3. The viability, cohesion and self-organization of an enterprise depend upon these functions being recursively present at all levels of the organization. A recursive structure comprises autonomous units within autonomous units. Moreover, a viable organization is made up of viable units and it is itself embedded in more comprehensive viable units. Each unit, inasmuch as it is producing the organization's task, rather than servicing or supporting this producing, replicates - in structural terms - the totality in which it is embedded: It has all the functions outlined under (1.), to be able to manage, from start to finish, the processes for the purpose of which it exists. If we take such a viable organization as a 'system-in-focus', depending on the perspective adopted, it �may have more than one next higher and next lower recursion� (Beer, Diagnosing, 6; for a pertinent application, see Allenna Leonard's paper on commercial broadcasting, in: Espejo/Harnden, eds., The Viable System Model).

The VSM has been transduced into the language of business and also been widely applied, as documented in several books (e.g. Espejo, R./Harnden, R., eds.: The Viable System Model, Wiley, 1989; Espejo, R./Schwaninger, M., eds: Organisational Fitness, Frankfurt/New York: Campus, 1996; Espejo, R./Schuhmann, W./Schwaninger, M.: Corporate Transformation and Learning, Wiley, 1996).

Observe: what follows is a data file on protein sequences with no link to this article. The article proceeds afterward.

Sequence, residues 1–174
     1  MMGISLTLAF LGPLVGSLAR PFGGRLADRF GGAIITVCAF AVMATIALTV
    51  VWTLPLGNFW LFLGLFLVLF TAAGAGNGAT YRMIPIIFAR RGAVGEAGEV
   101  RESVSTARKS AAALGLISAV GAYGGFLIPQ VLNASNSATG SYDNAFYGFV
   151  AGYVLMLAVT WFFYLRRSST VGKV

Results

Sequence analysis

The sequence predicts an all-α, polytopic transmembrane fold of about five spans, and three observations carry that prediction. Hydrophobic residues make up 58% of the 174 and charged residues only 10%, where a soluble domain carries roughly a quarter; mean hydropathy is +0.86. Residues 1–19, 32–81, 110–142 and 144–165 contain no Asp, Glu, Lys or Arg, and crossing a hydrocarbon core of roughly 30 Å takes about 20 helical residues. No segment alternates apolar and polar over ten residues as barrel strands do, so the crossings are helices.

In the nineteen-nineties, Stafford Beer completed a new model for the design of communication processes, and management processes in particular - the Team Syntegrity Model. This is complementary to the Viable System Model, and meant to be a concrete approach to the design of the System 3 - System 4 relationship (Beer, S.: Beyond Dispute, Wiley, 1994). Moreover, it is a model for democratic management.

Team Syntegrity builds on Buckminster Fuller's proposition, that all systems are polyhedra. Beer proposes a formal model for an infoset to deal with complex challenges or problems, establishing a protocol based on the structure of polyhedra, the icosahedron (convex polyhedron of 30 edges, 20 triangles and 12 vertices), in particular.